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Benford’s law for the \(3x+1\) function. (English) Zbl 1117.11018
The \(3x+1\) problem (sometimes called Collatz-problem) concerns the behaviour under iteration of the function \(T:\mathbb{N}\to\mathbb{N}\) defined by \(T(n)= \frac n2\) if \(n\) is even and \(T(n)=\frac{3n+1}{2}\) if \(n\) is odd. The \(3x+1\) conjecture asserts that when started from any \(n \in\mathbb{N}\) some \(k\) exists with iterate \(T^{(k)}(n)=1\) [see also J. C. Lagarias, Am. Math. Mon. 92, 3–23 (1985; Zbl 0566.10007)].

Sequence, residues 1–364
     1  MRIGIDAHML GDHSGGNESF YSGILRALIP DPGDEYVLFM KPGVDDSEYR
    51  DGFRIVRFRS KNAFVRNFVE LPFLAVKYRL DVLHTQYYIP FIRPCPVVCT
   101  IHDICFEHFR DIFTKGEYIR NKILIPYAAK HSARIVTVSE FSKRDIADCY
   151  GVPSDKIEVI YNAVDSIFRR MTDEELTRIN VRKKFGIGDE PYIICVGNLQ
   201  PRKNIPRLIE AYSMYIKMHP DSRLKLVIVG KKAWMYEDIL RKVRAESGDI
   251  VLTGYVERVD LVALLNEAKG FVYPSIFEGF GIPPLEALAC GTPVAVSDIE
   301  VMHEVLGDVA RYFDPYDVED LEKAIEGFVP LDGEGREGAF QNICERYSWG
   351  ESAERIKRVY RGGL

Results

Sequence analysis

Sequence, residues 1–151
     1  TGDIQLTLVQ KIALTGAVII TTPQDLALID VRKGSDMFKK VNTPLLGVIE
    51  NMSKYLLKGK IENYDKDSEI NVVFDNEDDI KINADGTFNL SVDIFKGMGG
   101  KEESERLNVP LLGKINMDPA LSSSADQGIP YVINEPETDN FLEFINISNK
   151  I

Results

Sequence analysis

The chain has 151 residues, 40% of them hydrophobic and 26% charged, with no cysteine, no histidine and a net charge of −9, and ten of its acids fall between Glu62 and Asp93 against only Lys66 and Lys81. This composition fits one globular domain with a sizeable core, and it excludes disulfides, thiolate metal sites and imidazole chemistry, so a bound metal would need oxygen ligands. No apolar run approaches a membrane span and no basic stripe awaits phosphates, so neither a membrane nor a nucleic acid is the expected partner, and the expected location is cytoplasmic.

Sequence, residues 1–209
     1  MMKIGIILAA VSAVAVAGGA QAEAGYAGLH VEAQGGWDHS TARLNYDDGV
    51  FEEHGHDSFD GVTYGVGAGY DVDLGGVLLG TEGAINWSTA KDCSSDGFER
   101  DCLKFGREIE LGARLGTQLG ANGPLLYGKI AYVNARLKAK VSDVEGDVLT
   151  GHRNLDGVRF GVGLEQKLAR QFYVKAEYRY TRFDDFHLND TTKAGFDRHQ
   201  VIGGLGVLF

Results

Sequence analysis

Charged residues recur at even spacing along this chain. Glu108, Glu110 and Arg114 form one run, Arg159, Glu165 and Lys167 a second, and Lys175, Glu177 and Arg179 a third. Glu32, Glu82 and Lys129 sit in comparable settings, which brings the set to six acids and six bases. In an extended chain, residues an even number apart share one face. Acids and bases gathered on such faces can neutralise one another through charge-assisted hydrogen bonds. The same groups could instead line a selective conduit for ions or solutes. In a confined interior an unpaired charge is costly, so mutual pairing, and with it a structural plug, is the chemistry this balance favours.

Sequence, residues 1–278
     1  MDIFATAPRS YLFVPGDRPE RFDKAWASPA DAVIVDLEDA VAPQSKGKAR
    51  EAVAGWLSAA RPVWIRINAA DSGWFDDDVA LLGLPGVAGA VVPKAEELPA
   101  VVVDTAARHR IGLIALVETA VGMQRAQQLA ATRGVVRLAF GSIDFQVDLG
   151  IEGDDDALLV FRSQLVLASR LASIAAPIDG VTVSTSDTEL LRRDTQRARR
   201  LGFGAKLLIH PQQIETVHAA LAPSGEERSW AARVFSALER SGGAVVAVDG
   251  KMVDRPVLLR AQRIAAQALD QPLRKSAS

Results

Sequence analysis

Benford’s law [F. Benford, Proc. Am. Philos. Soc. 78, 551–572 (1938; Zbl 0018.26502)] for an infinite sequence \(\{x_k \mid k\geq 1\}\) of positive quantities \(x_k\) is the assertion that \(\{\log x_k \mid k\geq 1\}\) is uniformly distributed \(\pmod 1\).
This paper studies the initial iterates \(x_k=T^{(k)}(x_0)\) for \(1\leq k\leq\mathbb{N}\) of the \(3x+1\) function, where \(N\) is fixed. It is shown in the main result of this paper (Theorem 2.1) that for most initial values \(x_0\), such sequences approximately satisfy Benford’s law, in the sense that the discrepancy of the finite sequence \(\{\log_Bx_k\mid k\geq 1\}\) is small; there \(B\geq 2\) is a fixed integer base.

11B83 Special sequences and polynomials
11B37 Recurrences
37A45 Relations of ergodic theory with number theory and harmonic analysis (MSC2010)
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